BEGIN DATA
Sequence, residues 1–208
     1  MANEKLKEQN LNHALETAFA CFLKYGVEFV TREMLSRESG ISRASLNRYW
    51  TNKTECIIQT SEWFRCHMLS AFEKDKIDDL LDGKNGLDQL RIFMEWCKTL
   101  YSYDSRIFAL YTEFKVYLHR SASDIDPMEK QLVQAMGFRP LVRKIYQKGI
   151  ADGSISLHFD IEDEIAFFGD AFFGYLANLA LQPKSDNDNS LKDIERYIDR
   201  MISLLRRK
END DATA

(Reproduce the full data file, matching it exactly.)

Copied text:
Sequence, residues 1–208
     1  MANEKLKEQN LNHALETAFA CFLKYGVEFV TREMLSRESG ISRASLNRYW
    51  TNKTECIIQT SEWFRCHMLS AFEKDKIDDL LDGKNGLDQL RIFMEWCKTL
   101  YSYDSRIFAL YTEFKVYLHR SASDIDPMEK QLVQAMGFRP LVRKIYQKGI
   151  ADGSISLHFD IEDEIAFFGD AFFGYLANLA LQPKSDNDNS LKDIERYIDR
   201  MISLLRRK